Some refer to them as "gut bombs", others as just plain "delicious", but regardless of what you call them or how many you choose to ingest, a new study has found that commercially available breakfast sandwiches can impede blood flow within hours of being eaten.
While it's been well-known for years that eating foods high in fat and salt will have negative health effects, this experiment, conducted by a group of researchers at the University of Calgary, reveals that two breakfast sandwiches will impede blood flow by 15 to 20 percent within hours of consuming them, reports the Toronto Star.
"Often we don't think of the consequences of our choices, especially when we cannot see them," says Ottawa area consulting dietician Cindy Sass. "Or we may think, how much is this one choice really going to harm me?"
"Well, this study demonstrates that there is an immediate, negative effect to our heart health when we make the choice to skip the healthy oatmeal and berry breakfast and go for the greasy and salty breakfast sandwich."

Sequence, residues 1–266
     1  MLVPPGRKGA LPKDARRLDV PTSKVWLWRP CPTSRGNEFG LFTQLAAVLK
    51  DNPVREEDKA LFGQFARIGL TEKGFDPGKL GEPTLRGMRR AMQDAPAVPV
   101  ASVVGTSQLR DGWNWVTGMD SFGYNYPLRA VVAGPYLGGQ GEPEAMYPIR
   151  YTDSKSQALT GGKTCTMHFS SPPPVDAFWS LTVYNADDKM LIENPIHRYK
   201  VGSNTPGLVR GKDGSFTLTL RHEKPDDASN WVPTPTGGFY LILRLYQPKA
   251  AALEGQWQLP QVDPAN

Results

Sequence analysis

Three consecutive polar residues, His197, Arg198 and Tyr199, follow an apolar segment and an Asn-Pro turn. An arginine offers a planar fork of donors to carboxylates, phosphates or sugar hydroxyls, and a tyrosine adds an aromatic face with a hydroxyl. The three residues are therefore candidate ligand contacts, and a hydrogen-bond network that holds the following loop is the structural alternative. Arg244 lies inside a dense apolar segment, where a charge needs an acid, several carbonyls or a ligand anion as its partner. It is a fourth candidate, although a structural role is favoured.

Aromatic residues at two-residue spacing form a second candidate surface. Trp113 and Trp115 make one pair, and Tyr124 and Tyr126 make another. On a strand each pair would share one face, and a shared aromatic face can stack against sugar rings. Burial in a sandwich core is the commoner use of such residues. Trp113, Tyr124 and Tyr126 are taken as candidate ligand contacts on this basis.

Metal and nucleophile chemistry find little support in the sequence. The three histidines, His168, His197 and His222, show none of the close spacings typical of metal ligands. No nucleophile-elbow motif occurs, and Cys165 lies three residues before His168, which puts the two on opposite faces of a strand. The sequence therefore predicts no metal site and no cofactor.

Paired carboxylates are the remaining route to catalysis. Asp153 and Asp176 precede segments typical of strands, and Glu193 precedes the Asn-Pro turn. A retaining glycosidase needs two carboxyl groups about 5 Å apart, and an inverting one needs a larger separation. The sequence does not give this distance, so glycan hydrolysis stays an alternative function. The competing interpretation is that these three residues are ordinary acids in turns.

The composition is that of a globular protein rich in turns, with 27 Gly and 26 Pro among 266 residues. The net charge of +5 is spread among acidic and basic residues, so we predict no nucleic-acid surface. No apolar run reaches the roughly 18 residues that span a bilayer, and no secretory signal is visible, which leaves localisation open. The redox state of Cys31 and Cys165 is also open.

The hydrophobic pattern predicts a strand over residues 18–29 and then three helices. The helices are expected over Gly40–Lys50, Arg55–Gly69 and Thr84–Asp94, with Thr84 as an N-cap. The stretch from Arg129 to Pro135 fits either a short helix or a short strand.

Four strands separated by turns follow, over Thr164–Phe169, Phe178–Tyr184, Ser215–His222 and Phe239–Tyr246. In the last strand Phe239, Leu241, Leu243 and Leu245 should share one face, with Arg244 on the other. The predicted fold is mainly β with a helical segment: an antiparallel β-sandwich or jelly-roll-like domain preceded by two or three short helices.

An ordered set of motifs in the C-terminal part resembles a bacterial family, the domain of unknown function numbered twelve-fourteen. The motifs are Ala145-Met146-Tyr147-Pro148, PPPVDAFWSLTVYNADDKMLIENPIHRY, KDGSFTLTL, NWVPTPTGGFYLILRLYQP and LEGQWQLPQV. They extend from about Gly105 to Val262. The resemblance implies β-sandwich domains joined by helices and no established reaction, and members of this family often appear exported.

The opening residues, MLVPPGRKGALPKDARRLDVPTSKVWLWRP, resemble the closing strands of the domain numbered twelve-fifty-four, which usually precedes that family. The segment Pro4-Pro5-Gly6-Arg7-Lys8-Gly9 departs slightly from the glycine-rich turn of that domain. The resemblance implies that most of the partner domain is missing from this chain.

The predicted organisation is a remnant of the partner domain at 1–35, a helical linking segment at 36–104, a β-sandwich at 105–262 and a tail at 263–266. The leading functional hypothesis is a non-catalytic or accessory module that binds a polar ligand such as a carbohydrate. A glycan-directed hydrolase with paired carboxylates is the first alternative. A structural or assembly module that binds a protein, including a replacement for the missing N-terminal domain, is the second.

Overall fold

The research was presented at the 2012 Canadian Cardiovascular Congress Tuesday in Toronto, but has not yet been published.
It involved examining the cardiovascular function of a group of students, once on a morning when they ate no breakfast, and once on a morning when they had consumed two commercially available breakfast sandwiches containing a total of 900 calories and 50 grams of fat.
They wanted to see the effects of a single high-fat meal on microvascular function, and the results revealed reduced blood flow due to ingestion of the sandwiches. The study also noted that the effects were only temporary.
One of the researchers, Dr. Todd Anderson, says he is unsure exactly why this was happening — one possibility is that an excess of oxygen free radicals from the sandwich could affect blood vessels.
So what is a busy breakfast sandwich-loving person to do? Never eat a greasy sausage and egg McMuffin again?
"Many fast food establishments are offering healthier options, getting back to the oatmeal — many have this on their breakfast menus," says Sass.
She also admits that it is ultimately harder to make healthy choices when eating out because the food industry wants us to spend money in their establishments, which can be laden with greasy, salty foods
That being said, Sass still thinks this study could act as a bit of a wake-up call.
"If people see this article and learn what eating a sandwich like that can do health-wise, they would have to be pretty self-deprecating to make that choice again."